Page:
Cleaning our build folder with Gulp

Learning Gulp : part 5 of 22 published on Jul 05, 2015

A normal part of a build process is a cleaning task to remove all the old files in the build folder.

For us, this means getting rid of the leftover more_styles.css and some_styles.css files in our build/styles folder.

To clean files, we will need another gulp plugin.

$ npm install gulp-rimraf --save-dev

Instead of adjusting our default task, lets create a new task to clean out the directory.

// gulpfile.js
var gulp = require('gulp');
var concat = require('gulp-concat');
var clean = require('gulp-rimraf');

gulp.task('clean', [], function() {
  console.log("Clean all files in build folder");

  return gulp.src("build/*", { read: false }).pipe(clean());

gulp.task('default', ['clean'], function() {
  console.log("Concating and moving all the css files in styles folder");
  return gulp.src("contents/styles/**.css")

So like before, we need to require gulp-rimraf.

This time though, we created a new task called clean. We tell this task to look at all the files in the build folder and then pipe them to our clean operation. This will delete the files.

You might notice that in our options we pass in { read: false }. This tells the task to not read the contents of the files it is deleting. It is an easy performance gain.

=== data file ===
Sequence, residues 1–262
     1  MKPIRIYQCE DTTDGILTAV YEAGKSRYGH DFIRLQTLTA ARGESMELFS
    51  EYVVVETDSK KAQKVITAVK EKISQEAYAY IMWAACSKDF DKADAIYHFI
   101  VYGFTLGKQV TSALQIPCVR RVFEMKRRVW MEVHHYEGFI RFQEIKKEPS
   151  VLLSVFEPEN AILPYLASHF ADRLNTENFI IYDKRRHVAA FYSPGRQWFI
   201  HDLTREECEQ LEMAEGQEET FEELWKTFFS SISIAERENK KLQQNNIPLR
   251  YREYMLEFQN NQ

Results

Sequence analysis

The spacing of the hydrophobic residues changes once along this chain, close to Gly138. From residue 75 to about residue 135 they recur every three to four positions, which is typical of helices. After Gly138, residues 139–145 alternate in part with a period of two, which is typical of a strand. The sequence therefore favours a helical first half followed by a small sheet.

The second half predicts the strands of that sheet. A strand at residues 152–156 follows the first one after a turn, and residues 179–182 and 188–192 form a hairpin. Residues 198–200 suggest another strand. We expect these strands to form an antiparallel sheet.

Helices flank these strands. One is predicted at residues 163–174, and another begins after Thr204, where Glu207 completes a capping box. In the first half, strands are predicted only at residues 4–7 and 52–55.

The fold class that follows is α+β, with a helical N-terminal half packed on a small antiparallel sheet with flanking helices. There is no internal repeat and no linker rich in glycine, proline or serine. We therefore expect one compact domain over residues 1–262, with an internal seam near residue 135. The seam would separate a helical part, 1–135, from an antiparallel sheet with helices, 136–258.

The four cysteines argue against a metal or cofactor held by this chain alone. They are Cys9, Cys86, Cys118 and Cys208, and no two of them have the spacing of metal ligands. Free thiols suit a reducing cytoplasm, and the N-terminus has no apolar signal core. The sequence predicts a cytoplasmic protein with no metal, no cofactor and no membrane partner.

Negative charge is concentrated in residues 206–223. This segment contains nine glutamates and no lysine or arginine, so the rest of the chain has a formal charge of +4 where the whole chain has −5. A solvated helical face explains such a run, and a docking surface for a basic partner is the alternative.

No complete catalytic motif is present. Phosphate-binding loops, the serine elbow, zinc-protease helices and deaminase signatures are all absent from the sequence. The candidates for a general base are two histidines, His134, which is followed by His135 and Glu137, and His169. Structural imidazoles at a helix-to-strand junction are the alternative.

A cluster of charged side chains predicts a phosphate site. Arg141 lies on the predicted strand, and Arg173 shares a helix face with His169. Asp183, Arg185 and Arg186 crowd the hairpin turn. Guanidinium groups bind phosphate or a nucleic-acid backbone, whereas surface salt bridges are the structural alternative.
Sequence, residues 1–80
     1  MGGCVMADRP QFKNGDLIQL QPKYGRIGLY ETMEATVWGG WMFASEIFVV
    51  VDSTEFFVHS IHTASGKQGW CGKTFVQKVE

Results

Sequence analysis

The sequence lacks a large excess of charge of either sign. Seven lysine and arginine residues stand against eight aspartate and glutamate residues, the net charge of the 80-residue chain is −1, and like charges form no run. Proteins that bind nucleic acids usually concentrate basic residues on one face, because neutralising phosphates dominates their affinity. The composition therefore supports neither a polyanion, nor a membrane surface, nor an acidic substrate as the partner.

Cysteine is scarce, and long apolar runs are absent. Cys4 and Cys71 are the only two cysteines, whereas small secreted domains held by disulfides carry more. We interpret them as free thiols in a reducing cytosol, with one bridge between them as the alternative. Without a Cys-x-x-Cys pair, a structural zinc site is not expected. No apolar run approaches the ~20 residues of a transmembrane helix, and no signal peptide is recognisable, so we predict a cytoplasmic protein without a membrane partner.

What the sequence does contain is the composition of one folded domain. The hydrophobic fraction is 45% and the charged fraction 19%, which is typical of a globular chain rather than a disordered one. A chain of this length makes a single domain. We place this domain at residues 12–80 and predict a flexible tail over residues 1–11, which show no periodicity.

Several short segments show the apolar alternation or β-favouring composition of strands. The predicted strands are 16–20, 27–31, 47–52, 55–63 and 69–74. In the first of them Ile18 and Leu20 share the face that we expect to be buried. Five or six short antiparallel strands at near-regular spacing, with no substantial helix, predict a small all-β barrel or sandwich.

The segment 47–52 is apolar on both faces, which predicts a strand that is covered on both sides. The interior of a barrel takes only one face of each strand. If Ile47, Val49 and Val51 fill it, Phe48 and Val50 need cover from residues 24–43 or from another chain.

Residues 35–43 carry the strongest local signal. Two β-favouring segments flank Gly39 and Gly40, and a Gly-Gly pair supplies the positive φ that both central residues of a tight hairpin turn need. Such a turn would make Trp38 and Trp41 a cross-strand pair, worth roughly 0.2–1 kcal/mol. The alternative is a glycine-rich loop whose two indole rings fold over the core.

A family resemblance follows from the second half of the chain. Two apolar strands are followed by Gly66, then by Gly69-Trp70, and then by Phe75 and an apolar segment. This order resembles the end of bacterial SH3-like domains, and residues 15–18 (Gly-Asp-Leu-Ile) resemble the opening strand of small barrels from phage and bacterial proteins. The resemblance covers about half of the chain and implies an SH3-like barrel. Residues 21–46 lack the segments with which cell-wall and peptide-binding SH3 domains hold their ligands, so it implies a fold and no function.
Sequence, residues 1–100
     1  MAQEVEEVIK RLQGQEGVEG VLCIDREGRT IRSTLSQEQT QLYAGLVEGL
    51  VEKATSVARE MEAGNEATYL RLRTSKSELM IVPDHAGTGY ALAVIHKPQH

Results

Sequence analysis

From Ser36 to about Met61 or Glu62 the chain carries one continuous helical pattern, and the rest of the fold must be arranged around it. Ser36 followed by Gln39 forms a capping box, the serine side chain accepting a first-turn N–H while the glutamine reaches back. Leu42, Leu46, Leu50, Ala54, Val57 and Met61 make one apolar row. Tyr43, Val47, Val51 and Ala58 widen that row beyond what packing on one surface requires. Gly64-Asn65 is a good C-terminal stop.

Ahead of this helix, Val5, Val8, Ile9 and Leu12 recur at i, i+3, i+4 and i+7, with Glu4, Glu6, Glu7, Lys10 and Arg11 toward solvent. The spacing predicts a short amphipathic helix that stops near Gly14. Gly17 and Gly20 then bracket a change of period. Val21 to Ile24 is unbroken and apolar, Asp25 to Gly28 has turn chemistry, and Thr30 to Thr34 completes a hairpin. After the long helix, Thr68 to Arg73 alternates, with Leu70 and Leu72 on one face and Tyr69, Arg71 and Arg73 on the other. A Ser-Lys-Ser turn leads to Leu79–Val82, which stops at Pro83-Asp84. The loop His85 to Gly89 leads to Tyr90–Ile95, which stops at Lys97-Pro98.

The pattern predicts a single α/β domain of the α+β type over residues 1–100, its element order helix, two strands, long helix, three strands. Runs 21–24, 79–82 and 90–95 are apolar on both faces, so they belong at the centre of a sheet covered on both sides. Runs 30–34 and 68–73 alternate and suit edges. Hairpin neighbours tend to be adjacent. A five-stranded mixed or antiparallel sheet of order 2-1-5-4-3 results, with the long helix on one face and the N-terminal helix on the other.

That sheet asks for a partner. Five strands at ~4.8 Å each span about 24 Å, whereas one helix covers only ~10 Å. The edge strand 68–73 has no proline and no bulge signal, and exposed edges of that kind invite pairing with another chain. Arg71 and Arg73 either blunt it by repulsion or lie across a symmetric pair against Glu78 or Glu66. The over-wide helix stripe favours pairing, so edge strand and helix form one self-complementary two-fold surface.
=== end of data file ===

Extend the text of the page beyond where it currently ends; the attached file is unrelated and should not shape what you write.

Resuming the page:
To run our clean task from the command line, we just tell gulp which task to run:

$ gulp clean
Using gulpfile ~/YOUR_DIRECTORY/gulpfile.js
Starting 'clean'...
Clean all files in build folder
Finished 'clean' after 8.95 ms

What we would like is to run our clean task before we run our default task. That way our build folder will be nice and empty before we starting moving files there.

You might have been wondering what the empty array ([]) was before our function. This is where we specify dependency tasks.

A dependency task is a task that needs to be completed before gulp can run the current task.

So for our scenario, our clean task is a dependency for default.

// gulpfile.js
gulp.task('default', ['clean'], function() {

Now when we run our default gulp task, we should see that it runs the clean task before default.

$ gulp
Using gulpfile ~/YOUR_DIRECTORY/gulpfile.js
Starting 'clean'...
Clean all files in build folder
Finished 'clean' after 9.03 ms
Starting 'default'...
Concating and moving all files from styles folder
Finished 'default' after 8.42 ms

The plot thickens! We continue to build on our past knowledge. Now we can specify dependent tasks creating a chain of operations.

Next: Min: Honey I shrunk my CSS